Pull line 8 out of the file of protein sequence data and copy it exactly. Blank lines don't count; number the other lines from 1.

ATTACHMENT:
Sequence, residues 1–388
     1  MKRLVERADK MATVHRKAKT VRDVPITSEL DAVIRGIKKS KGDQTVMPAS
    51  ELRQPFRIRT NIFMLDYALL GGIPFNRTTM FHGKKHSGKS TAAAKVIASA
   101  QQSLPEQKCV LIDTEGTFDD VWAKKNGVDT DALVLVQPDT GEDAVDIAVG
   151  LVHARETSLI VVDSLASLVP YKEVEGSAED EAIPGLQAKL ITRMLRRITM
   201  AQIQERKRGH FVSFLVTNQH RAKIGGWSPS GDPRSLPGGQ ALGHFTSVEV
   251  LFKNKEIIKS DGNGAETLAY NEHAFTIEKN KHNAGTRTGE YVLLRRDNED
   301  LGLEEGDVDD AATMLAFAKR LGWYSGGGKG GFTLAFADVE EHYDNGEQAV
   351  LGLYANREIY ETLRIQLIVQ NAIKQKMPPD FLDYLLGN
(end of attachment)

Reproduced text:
   301  LGLEEGDVDD AATMLAFAKR LGWYSGGGKG GFTLAFADVE EHYDNGEQAV